Plenty of Questions, Few Answers on Civic Center Project

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Story Poles for Civic Center Treatment Plant

City officials last week failed to shed light on the price homeowners will have to pay for the city to construct a $41-million wastewater treatment site in the Civic Center, a project that has made many residents skeptical.

During a public workshop hosted by the Malibu Planning Commission on Wednesday, many were left with more questions than answers as officials tried to clear the air on the city’s plans for a wastewater treatment plant set to be built in the Civic Center, near Webster Elementary School and Our Lady of Malibu Catholic Church. 

The workshop included details about planned development but did not reveal hard figures on how much the project will cost to individual homeowners and how long construction will take — two questions that came up repeatedly during the two-hour meeting.

“It was in the paper, I think, anywhere for the three tiers, from $9,000 to $25,000. Are those accurate figures?” asked Paige Jacobs, who is considering buying a condo in the area affected by the second phase of the treatment plant project.

Project Manager Steve Clary, who works for the city-contracted firm RMC, said those numbers seemed to be within the normal scope for this type of project, but did not suggest that the prices for Malibu homeowners would necessarily fall in that scope.

“We’ve not calculated that in detail,” Clary said, when asked about the hookup costs for individual homes. “I must say, I don’t want to try to pull a number from memory that I would get wrong.”

“Is it possible that it could be something like $50,000?” asked Jacobs.

“There will be more information about assessment district formation and costs as those phases move forward,” answered Senior Planner Bonnie Blue.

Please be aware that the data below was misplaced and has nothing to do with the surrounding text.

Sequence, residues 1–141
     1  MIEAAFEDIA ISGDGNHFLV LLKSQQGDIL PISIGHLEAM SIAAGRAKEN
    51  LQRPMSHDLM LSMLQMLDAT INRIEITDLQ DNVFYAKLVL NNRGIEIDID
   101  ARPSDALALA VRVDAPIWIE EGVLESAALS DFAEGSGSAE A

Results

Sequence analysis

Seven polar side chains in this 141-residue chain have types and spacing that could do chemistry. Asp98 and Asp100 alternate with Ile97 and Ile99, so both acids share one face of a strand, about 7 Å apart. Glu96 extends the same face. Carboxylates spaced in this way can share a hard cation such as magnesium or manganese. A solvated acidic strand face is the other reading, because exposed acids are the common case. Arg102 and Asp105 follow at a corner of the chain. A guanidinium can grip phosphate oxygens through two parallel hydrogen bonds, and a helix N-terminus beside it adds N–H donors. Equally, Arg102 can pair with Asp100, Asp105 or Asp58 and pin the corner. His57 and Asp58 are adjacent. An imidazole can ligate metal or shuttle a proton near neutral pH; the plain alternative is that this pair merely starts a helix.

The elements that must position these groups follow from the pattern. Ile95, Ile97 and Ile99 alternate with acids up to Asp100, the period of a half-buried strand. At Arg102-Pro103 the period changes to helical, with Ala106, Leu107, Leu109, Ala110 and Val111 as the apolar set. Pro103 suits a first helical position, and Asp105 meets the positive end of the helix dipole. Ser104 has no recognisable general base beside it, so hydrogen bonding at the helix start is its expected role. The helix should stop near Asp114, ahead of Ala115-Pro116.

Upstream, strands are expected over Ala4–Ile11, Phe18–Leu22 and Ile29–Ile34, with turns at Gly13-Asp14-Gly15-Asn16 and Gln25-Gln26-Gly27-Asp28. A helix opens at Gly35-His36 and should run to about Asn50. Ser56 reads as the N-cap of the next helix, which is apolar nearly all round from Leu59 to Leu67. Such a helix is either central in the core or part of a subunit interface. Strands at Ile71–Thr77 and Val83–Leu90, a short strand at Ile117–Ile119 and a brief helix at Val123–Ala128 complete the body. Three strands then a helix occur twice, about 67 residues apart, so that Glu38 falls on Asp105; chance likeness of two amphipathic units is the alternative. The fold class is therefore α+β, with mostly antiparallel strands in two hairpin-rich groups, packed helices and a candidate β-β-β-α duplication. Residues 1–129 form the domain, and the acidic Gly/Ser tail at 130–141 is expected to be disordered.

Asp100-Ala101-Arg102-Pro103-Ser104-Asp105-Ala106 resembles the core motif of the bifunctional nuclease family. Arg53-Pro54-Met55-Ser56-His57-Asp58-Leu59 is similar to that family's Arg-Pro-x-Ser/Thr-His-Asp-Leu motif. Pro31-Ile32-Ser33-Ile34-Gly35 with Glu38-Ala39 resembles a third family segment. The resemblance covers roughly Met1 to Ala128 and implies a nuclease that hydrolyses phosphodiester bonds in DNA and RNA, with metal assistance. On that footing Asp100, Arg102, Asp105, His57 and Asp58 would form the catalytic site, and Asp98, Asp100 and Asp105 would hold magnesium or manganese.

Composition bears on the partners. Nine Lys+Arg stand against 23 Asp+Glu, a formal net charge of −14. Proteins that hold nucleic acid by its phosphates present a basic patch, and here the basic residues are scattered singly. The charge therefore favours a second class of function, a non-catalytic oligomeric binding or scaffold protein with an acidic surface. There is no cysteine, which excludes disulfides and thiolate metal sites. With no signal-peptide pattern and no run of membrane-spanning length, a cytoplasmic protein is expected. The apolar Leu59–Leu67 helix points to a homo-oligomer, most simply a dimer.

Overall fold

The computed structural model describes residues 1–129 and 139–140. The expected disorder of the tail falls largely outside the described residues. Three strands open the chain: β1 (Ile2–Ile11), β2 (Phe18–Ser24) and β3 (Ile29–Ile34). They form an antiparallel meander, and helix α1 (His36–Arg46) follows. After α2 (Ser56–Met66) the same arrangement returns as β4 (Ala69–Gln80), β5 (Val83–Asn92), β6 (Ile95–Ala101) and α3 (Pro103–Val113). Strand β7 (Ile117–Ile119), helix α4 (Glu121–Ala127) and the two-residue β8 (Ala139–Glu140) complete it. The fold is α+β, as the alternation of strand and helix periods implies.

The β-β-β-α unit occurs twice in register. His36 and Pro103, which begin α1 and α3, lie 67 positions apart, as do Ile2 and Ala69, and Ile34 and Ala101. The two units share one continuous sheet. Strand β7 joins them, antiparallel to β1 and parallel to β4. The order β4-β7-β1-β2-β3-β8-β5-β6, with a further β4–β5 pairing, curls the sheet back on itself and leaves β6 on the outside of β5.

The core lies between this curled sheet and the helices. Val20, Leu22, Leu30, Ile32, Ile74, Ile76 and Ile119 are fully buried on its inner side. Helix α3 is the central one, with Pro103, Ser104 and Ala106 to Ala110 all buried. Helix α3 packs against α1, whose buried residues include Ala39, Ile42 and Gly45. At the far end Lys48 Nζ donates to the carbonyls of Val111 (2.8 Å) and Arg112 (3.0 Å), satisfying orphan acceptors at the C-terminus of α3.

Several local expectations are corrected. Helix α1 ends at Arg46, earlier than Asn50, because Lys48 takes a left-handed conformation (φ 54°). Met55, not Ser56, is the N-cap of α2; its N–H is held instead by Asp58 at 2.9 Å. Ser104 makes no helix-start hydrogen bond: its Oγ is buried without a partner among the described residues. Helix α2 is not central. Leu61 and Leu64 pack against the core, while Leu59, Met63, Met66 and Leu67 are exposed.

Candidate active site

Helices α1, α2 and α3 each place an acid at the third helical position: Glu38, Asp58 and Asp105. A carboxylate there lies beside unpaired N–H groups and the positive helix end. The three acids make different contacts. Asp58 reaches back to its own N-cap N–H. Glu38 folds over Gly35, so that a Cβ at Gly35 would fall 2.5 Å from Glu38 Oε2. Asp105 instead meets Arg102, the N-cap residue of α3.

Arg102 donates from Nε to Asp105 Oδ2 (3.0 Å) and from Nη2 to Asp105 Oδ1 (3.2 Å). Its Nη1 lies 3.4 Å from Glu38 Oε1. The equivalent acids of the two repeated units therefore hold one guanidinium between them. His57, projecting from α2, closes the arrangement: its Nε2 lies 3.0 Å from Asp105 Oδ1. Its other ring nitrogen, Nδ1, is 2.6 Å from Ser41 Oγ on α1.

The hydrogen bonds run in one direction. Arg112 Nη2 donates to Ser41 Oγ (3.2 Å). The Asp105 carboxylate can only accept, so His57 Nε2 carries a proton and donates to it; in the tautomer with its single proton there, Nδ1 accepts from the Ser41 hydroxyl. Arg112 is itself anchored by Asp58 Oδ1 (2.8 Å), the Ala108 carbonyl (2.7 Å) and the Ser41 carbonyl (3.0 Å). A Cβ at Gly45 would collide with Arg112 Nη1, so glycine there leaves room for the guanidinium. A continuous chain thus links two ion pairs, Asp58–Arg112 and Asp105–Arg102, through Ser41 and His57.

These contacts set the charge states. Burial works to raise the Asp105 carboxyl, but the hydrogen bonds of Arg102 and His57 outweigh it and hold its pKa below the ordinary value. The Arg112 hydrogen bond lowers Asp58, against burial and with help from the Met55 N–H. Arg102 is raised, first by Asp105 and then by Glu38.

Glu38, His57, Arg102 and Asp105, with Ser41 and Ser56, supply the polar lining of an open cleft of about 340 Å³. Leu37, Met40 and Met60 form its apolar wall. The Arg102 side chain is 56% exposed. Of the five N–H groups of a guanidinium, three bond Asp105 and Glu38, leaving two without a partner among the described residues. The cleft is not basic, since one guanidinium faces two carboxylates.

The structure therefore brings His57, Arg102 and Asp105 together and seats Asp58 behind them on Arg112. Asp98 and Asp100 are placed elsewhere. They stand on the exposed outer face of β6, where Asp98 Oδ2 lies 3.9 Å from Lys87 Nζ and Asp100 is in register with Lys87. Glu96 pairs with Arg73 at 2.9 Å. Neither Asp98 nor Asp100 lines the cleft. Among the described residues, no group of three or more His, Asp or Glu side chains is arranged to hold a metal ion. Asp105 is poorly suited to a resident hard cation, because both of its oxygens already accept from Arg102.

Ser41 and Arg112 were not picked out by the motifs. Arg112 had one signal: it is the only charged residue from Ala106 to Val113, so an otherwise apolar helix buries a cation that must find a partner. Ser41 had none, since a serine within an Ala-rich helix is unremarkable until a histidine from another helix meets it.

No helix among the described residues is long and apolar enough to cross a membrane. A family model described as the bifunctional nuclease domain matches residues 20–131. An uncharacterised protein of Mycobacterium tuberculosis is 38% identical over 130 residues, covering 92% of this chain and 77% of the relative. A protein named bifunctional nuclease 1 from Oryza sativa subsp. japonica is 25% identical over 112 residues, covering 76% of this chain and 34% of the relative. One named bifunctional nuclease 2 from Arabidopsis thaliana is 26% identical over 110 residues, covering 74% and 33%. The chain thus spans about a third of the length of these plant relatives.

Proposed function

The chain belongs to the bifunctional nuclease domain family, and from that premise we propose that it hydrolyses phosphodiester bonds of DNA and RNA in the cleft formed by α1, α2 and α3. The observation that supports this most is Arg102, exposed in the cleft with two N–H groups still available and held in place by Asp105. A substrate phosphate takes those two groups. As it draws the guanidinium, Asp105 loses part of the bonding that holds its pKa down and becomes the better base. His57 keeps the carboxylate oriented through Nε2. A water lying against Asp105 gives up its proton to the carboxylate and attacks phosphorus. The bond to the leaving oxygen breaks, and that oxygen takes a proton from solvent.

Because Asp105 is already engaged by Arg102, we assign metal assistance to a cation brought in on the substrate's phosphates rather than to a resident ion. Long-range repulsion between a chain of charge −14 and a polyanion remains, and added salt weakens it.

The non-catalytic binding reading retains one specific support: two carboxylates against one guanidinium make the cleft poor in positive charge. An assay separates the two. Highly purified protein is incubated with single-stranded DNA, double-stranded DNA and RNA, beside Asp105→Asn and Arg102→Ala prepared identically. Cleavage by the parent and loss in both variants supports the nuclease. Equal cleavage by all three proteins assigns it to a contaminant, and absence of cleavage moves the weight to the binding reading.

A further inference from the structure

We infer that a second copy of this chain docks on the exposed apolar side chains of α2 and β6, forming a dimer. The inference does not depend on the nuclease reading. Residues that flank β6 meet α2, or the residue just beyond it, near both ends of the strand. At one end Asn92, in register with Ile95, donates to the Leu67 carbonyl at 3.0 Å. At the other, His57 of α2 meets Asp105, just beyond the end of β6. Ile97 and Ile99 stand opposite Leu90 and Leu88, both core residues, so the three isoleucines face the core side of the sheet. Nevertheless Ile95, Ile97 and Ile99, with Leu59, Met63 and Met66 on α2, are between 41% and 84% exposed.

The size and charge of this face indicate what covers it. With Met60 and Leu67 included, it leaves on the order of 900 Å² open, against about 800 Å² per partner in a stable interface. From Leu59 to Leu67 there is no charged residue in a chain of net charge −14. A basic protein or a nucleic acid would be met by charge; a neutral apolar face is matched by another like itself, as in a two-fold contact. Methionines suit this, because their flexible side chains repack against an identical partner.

Officials said residential estimates have not been made because current plans only cover Phase 1 of construction — the building of pump stations and sewer lines to mainly serve commercial centers in the Civic Center.

Under a development prohibition placed on the City of Malibu in 2011 by the Los Angeles Regional Water Quality Control Board, the city is required to build a centralized wastewater treatment system in the Civic Center by November 2015. However, the city is nine months behind on its construction timeline.

The agreement also stipulates homeowners living within the Civic Center prohibition area must connect to the system by 2019 and phase out their septic systems.

When asked for the timeline of residential costs, Clary said the second phase may not begin until close to 2020, meaning costs may not be forthcoming for up to five years.

Sewer location raises eyebrows

Other people were livid about the location of the pump stations, one of which will be directly across the street from Webster Elementary School.

“How does it make sense to build next to the highest density residential area in the city and across the street from the largest elementary school in Malibu? What precedent is there for this sort of siting decision?” asked Malibu resident Steve Bobsan. 

The planners and project manager did not answer the question. Other pumps are set to be located below ground in Legacy Park and below ground near Bluffs Park. The stations will also include above-ground electrical boxes.

According to RMC Water and Environment representative Leslie Dumas, the stations will be able to treat water for what’s called “non-potable purposes such as irrigation and toilet flushing.” 

Dumas also stated that there would be steps taken to keep the sewage smell at bay, “kind of a biological version of Febreeze, for lack of a better term.”

What good will the system do? 

The final speaker at the meeting, Steve Uhring, struck a common chord with those gathered in the audience. “We’re spending a ton of money,” said Uhring, “nowhere in the EIR [Environmental Impact Report] does it say ‘this is what this is going to do for us.’ 

“Are we just spending money to spend money?” he asked, drawing applause from those gathered.

Clary responded that the sewer project will monitor water quality in the area and added that the reusable treated water will be returned to the community free of charge.

“Everyone who contributes flow will have access to the treated flow on the return,” he said. 

Copies of the Draft Environmental Impact Report are available now by going to City Hall, Malibu Library or on the city’s website. Comments on the Draft EIR will be accepted in writing between now and July 28, with a public forum on the draft EIR scheduled for the Planning Commission meeting on July 21.

The final EIR is tentatively scheduled to be released in October 2014.